One could choose to utilize any number of policy approaches that could be expected to influence prices. For example, changing patent legislation, international trade laws, laws governing parallel trade of medicines in the European Union, and so on. However, this paper limits itself to policy recommendations that can be implemented within the existing international legal and political framework. It is hoped that such a delimitation increases the likelihood that the identified recommendations can realistically be implemented.

2.2.2 Geographic scope

This paper analyzes the different models of pricing medicines in the Danish healthcare system. It is argued that there is a significant amount of complexity inherent in the pricing of medicines in Denmark alone. For this reason, it is not considered feasible to analyze the many different medicine pricing systems that exist across multiple countries, as this would require taking into account the different political, economic and legal systems of every country. Instead, this paper focuses on a more in-depth analysis of the Danish healthcare system. An international context to the thesis topic is provided by incorporating analyses of the application of medicine pricing models in selected European countries.

2.2.3 Types of medicines

There are two types of medicine that make up the total cost of medicines in the Danish public healthcare system. One type, which is at the core of this paper, is hospital medicines1. These include medicines that are sold to and administered in hospitals. The other type, which is not covered by this paper, is primary sector medicines2. These include medicines that are sold to patients at pharmacies

1 Sometimes referred to as inpatient medicines in the literature

2 Sometimes referred to as outpatient medicines in the literature


and which are taken at home by the patient. There are differences between hospital medicines and primary sector medicines in many areas, including the process of cost-effectiveness evaluation (and the evaluation metrics), their introduction into the healthcare system, existing price cap agreements, and more. This paper chooses to exclude the primary sector medicines from its scope. This is done for two reasons. First, the historical development in the cost of medicines is only challenging for hospital medicines. As depicted in Figure 2.1, the costs of sourcing medicines to the Danish hospital system has risen an average of 7.7%3 per year over the last 10 years. In contrast, the costs of primary sector medicines (through reimbursement to medicines sold in pharmacies) has declined an average of 2.7%3 per year in the same time period.

Figure 2.1: Medicine expenditures by sector

Source: figure by author based on Albinus (2018)

Thus, it is argued that there is not a significant challenge in terms of managing the costs of primary sector medicines. The second reason is that, because of the many differences between the ways the two types of medicines are priced, including primary sector medicines into the scope would add a significant amount of complexity to the paper. By limiting the scope to the hospital sector, it is possible to go into more depth with both description and analysis of the hospital sector.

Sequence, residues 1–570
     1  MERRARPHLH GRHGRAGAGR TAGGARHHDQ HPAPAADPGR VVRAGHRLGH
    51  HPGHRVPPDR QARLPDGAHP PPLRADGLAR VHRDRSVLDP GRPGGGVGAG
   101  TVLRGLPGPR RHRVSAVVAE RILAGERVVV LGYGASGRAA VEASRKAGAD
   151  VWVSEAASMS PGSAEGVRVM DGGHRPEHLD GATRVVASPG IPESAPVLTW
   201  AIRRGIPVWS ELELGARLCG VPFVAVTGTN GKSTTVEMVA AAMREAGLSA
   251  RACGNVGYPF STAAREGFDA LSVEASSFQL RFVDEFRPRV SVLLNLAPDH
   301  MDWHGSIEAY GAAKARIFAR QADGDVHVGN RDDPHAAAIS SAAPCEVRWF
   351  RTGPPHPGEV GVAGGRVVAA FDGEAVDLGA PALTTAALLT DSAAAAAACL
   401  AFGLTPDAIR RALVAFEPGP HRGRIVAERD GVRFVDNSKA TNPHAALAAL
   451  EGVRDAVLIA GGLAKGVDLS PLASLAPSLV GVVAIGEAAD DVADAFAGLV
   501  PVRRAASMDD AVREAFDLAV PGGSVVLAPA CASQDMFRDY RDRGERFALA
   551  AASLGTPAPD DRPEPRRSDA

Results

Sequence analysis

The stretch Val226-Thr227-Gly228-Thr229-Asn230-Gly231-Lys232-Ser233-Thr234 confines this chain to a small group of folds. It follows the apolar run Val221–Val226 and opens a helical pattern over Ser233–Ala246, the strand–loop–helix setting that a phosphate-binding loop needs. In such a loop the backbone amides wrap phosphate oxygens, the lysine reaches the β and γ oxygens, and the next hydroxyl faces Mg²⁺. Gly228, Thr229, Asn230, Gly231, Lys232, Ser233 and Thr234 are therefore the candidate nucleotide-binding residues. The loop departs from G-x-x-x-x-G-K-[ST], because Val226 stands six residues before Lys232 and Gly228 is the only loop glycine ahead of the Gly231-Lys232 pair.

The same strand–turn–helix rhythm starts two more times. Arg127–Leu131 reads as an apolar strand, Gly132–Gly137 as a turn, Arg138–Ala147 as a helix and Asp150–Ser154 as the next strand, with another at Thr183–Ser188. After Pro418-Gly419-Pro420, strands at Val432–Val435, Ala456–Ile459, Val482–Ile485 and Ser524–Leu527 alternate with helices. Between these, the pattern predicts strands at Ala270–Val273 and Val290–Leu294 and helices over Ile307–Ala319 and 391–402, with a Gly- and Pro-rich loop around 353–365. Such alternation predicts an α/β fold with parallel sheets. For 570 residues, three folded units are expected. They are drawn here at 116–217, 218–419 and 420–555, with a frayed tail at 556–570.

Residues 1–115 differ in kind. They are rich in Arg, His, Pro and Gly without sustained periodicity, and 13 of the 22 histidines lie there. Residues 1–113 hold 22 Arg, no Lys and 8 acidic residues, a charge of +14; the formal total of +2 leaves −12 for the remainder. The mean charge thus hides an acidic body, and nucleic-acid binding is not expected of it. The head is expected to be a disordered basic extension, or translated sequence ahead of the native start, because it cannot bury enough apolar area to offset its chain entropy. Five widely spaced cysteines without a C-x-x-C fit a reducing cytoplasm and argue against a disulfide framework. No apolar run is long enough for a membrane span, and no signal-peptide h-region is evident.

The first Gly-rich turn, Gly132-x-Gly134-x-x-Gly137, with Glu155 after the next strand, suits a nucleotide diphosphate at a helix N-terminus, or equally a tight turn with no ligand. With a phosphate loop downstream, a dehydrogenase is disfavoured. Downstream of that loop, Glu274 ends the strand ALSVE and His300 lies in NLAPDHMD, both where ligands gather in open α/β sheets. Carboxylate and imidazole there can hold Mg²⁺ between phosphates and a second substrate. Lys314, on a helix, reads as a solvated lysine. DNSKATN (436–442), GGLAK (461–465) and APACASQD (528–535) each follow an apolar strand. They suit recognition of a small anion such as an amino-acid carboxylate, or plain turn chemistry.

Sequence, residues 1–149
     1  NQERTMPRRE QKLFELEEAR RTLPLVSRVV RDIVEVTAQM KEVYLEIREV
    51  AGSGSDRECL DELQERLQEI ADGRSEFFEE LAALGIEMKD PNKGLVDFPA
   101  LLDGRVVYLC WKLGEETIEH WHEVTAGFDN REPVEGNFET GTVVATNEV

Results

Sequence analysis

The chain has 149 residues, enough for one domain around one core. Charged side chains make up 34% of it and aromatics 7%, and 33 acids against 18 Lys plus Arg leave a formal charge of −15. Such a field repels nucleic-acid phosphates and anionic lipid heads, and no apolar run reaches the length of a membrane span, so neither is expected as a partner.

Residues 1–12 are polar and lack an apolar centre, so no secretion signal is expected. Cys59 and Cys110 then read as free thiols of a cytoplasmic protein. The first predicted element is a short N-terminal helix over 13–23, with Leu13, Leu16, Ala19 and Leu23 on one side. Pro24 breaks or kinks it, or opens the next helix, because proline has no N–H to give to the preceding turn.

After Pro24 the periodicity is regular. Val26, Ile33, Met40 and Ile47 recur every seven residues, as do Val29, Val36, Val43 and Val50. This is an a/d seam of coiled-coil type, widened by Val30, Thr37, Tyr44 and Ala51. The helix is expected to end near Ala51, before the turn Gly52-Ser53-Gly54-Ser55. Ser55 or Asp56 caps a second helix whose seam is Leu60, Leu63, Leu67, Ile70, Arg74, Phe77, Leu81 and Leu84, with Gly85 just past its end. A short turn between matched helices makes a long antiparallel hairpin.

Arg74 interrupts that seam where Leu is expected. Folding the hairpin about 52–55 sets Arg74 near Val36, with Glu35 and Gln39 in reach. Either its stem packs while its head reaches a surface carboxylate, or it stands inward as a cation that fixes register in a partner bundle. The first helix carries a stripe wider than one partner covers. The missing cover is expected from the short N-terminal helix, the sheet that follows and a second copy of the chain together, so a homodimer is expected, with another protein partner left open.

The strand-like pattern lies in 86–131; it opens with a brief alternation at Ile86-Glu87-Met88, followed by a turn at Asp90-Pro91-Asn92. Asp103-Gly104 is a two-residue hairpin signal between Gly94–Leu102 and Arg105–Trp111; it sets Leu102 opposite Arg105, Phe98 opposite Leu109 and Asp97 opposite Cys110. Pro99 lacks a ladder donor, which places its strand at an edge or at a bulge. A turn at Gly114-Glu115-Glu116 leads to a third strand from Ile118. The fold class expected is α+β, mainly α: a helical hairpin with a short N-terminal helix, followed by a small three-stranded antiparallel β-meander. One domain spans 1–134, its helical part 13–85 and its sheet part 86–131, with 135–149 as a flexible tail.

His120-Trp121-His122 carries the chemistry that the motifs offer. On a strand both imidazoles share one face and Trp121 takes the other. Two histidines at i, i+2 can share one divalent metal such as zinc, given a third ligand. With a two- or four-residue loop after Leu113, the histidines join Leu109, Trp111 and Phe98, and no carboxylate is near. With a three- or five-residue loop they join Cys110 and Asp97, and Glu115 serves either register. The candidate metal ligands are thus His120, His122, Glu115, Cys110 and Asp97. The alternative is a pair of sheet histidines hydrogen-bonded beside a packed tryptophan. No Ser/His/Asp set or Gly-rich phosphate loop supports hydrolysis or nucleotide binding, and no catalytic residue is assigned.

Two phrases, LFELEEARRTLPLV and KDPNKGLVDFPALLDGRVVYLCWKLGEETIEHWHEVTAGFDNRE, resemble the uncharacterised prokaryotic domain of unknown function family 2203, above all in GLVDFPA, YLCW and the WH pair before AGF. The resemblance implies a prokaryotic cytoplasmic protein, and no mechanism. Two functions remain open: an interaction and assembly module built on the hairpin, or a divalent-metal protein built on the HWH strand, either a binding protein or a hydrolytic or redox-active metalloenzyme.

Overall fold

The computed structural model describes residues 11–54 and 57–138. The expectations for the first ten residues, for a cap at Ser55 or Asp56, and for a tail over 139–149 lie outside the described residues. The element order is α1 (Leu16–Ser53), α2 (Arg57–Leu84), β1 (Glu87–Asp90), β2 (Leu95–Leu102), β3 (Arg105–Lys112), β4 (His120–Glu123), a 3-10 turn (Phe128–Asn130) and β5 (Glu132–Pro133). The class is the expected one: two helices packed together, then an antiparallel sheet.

2.2.4 Temporal delimitation

The topic of this thesis is rapidly evolving, especially given that the Danish Medicines Council has only been in existence slightly more than a year at the time of writing (Medicinrådet, n.d.). Due to time constraints, the research for this paper has been conducted over several months, alongside the rapid development of many important milestones, including discussions on the Danish Medicine

3 Measured as the geometric mean, also referred to as compound annual growth rate (“CAGR”) in some literature

2007 2008 2009 2010 2011 2012 2013 2014 2015 2016 2017

8.000 7.000

0 5.000 9.000

6.000 DKK mn

Year Hospital medicine Primary sector medicine


Council’s first disapproved medicine. Thus, certain developments may have been descoped from this paper due to them occurring after the research period. Nonetheless, this is considered an unavoidable challenge when writing about an issue that is so topical and rapidly evolving. Furthermore, a hard stop on including any new literature released after May 1st 2018 is enforced.

2.2.5 Ethical considerations

The topic of pricing medicines is highly controversial, as it necessarily deals with the topic of putting a monetary value on human health and wellbeing. Different theories of ethics could potentially be applied to support analyses of different pricing approaches. However, this paper only briefly touches upon the concepts of utilitarianism and economic notions of equity, and in these cases only as a supporting argument for or against the applicability of a pricing model. This delimitation serves to simplify the recommendations, as balancing the interests of payers, producers and patients in itself presents a significant challenge.

2.3 Definition of key concepts

This paper uses some concepts, which may be interpreted broadly, in a very specific manner. Thus, a definition of some of the key concepts applied in this paper is presented below.